Within Yoga, there are five internal "observances" or practices called Niyama.
- Shaucha - purification - meditation and asanas help to cleanse the mind and body
- Samtosha - contentment - being happy with what we have and not wishing for more
- Tapas - asceticism - intense self-discipline and willpower.
- Svadhyaya - self-study - learning from life lessons
- Ishvara Pranidhana - devotion - surrendering to a higher power - lose our self-identification
Even if you’ve just taken your first yoga class, you’re already familiar with the fourth Niyama: Svadhyaya. Taken from the Sanskrit words sva, which means “self,” and adhyaya, which means “education of,” this vital rule for living reminds you to look within. It’s a theme every yoga teacher emphasizes in every class because, without self-awareness, there is no yoga—no union of mind, body, and spirit—just some interesting calisthenics.
Yoga teaches you to get in touch with how your body feels as a first step toward learning about how “you” feel at every level. With every pose, your teacher invites you to discern what’s your edge and what’s a cliff. Each time you come to your mat, you decide how far to enter into a pose, which benefits you desire from your practice and how asanas, breathing, and meditation will enable you to know and nurture your true self. It’s not about narcissism; it’s about getting to know who you are so that you can experience life to your fullest potential. You have to know what your dreams are before you can really go after them.
You devote a lot of time to finding out about your friends and family. It’s time to invest that same amount of time into learning all of the factors that make you unique.
And what better place to start your quest for self-awareness than at your heart center? Here are some yoga poses to free your heart and open new channels of understanding, energy, and love.
Bhujangasana (Cobra Pose)
Lie face down with your legs straight out behind you. Place your hands on the floor, spreading your fingers, and hug your elbows to your ribs. Inhale and begin to straighten your arms. Stretch your heart forward and bring your torso up. Concentrate on firming your shoulder blades against your back and lifting your stern so that there’s no compression in the lower back. Hold for 15 to 30 seconds. Release by lowering one rib a time to the mat, tucking your chin as you release your head.
Ardha Bhekasana (Half Frog Pose)
Lie face down with your legs straight out behind you. Place your forearms on the floor. Lift your torso and head. Bend your right knee and lower your right heel close to your right buttock. Reach back and clasp the inside of your right foot with your right hand. Rotate your elbow toward the ceiling so that you can curl your fingers over your toes. Gently press your foot toward your buttock. If your flexibility permits, move your foot off to the side and push it toward the floor, being careful to keep your knee in line with your hip. Hold 30 seconds to two minutes. Then release, relax and reverse.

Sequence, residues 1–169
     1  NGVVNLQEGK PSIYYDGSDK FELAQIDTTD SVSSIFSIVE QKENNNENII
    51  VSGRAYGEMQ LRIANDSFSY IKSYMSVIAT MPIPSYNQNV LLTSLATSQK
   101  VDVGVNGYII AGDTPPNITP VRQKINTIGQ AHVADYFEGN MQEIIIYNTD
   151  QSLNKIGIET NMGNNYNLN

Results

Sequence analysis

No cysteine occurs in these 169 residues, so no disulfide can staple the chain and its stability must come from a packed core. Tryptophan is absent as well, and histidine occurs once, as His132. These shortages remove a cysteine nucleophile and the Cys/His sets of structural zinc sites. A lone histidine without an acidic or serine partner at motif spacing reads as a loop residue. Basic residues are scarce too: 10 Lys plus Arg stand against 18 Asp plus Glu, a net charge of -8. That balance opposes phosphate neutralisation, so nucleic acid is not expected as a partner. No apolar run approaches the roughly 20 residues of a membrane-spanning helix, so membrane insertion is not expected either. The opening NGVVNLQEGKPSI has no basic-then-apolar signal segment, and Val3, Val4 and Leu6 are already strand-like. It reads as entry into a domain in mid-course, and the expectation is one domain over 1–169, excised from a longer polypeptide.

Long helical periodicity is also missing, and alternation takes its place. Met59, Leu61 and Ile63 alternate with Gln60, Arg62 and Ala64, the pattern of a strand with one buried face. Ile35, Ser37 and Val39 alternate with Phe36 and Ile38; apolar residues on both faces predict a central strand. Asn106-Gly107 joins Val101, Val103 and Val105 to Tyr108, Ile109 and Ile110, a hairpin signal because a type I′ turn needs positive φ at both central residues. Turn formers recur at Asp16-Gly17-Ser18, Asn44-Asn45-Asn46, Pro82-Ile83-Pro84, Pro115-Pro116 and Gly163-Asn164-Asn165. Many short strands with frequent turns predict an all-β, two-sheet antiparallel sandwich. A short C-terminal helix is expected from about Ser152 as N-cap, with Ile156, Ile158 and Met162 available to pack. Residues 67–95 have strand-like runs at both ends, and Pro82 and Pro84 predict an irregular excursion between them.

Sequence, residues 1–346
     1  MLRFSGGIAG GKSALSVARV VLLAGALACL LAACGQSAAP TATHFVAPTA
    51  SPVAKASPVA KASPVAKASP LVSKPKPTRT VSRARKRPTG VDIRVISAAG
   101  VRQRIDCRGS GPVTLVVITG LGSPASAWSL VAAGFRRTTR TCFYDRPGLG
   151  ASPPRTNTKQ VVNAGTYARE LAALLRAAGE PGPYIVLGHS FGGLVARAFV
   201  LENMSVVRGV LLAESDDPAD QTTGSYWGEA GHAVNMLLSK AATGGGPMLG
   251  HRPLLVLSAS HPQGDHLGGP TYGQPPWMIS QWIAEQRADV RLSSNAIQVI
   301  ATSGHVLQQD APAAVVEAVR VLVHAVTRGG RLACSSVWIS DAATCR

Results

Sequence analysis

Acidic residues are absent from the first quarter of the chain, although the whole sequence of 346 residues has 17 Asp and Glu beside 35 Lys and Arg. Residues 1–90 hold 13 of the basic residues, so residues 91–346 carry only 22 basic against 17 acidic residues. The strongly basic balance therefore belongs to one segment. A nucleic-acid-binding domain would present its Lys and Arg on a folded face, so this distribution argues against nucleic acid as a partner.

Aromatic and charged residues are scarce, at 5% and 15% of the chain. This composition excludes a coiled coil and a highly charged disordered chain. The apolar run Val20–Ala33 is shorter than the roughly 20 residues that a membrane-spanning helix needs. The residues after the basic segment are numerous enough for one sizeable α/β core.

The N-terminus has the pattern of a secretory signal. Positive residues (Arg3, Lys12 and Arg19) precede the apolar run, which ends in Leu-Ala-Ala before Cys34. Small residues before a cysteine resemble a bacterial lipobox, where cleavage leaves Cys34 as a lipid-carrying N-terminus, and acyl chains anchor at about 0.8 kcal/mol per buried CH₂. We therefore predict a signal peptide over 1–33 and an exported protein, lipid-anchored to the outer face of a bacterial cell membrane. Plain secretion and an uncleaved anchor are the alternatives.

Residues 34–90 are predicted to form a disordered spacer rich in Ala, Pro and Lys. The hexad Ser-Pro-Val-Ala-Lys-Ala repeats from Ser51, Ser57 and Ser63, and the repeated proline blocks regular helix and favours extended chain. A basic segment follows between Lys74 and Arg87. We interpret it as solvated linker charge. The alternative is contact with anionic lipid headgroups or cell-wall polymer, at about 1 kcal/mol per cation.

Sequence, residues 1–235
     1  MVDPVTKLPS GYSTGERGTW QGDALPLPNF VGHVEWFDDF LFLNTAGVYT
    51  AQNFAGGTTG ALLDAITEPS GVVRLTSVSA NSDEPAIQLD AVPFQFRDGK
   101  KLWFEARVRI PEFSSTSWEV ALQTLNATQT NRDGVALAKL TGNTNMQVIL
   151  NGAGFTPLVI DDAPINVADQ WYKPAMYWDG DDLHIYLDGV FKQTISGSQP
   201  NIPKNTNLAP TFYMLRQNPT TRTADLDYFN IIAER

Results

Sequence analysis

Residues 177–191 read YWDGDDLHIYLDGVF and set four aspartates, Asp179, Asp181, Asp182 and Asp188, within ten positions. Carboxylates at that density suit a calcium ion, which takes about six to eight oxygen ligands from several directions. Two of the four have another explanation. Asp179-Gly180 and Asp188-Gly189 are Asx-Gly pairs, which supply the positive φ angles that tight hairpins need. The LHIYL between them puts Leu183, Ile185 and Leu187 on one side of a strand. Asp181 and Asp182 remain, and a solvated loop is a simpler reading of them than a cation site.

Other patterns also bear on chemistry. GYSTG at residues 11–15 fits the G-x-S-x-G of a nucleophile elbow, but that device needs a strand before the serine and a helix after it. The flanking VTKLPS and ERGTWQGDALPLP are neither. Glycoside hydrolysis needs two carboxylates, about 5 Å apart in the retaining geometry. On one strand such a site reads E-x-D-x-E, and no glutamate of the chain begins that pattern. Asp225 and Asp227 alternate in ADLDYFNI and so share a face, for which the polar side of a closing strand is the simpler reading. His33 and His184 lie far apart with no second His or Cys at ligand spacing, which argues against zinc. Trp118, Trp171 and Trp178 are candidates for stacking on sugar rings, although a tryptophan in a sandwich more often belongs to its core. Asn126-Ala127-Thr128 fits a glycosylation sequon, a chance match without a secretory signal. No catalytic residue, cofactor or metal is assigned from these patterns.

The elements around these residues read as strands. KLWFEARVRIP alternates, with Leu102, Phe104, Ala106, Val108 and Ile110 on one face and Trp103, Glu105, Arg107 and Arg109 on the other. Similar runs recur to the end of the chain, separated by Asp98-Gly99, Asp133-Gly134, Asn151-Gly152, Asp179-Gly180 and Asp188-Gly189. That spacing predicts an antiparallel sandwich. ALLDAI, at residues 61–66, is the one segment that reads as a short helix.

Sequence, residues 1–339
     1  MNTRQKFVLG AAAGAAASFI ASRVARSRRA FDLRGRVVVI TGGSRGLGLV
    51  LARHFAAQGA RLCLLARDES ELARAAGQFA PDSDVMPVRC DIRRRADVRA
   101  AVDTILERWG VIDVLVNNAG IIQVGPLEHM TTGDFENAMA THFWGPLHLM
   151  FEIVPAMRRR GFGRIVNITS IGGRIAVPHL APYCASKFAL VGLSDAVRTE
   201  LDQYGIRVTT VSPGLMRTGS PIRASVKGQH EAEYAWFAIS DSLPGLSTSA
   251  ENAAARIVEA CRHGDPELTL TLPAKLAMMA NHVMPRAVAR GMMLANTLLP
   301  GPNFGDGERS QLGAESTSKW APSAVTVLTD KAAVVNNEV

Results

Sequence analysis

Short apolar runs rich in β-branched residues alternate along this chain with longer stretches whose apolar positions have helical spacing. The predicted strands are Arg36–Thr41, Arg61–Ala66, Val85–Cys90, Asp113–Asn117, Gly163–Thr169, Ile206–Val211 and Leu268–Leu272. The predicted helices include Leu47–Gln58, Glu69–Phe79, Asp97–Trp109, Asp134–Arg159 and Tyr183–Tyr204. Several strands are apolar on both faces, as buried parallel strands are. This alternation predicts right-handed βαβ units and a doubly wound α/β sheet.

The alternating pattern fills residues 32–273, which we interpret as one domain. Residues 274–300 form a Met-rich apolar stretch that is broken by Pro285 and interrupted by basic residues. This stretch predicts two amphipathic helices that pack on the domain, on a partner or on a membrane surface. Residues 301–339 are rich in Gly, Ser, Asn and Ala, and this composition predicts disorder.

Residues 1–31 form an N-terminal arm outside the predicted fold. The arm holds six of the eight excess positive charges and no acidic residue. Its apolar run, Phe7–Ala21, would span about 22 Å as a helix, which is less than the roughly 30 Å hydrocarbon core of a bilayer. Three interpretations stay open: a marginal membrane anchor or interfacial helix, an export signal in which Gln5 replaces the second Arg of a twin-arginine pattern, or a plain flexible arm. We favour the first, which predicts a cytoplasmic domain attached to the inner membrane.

Purvottanasana (Upward Plank Pose)
Sit in Dandasana. Move your hands several inches behind your hips with your fingers pointing toward your feet. Bend your knees and place your feet on the floor with your heels a minimum of a foot away from your buttocks. Lift your hips until you come into a reverse tabletop. Then, without lowering your hips, straighten one leg at a time. If possible, let your head gently drop back. Hold 30 seconds, tuck your chin and lower into Dandasana.
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Supported Setu Bandha Sarvangasana (Supported Bridge Pose)
Have a block, blankets or bolster near your mat. Lie on your back. Bend your knees, bringing them close enough to your buttocks so that you can touch them with your fingertips. With your arms along your sides and palms pressing into the mat, roll up one vertebra at a time. Position your support under your back. As a variation, try using a block first on the flat side. Roll down, and return to bridge supporting your back with the block at medium height. Roll down one vertebra at a time and, if you have no back problems, roll up into bridge a third time, using the block at its full height. Hold each pose for 30 seconds to one minute or more. Release one vertebra at a time to the mat and lie supine.
Urdhva Dhanurasana (Wheel Pose)
Lie on your back. Bend your knees and place your feet on the floor with your heels as close to your buttocks as possible. Bend and elbows and place your palms on the floor beside your head with your fingers pointing toward your shoulders. Press your hands and feet firmly into the floor, lift your torso and come onto the crown of your head. Continue lifting your body, allowing your head to come up off the floor. Hold five to 10 second. Lower to the crown of the head, tuck the chin and release one vertebra at a time to the mat.
These heart openers offer benefits on many levels. Recent studies have shown positive connections between yoga and improved heart health. Some of the plusses may include:
1. Reduction of high blood pressure
2. Improvement in treating symptoms of heart failure
3. Easing palpitations
4. Enhancing cardiac rehabilitation
5. Lowering cardiovascular risk factors such as cholesterol levels, blood sugar levels, and stress hormones
6. Supporting regular heart rhythms
Attention to opening your heart also brings health to your mind and spirit. In the calm created by these poses, you have the opportunity to explore new aspects of yourself as you feel your breath creating more space throughout your chest and ribs. You begin to experience what it’s like to take a deep, rejuvenating inhale that brings vitality to your body and to your brain. It’s easier to want to take care of your heart, your health, your life. No textbook can do that. Your heart can.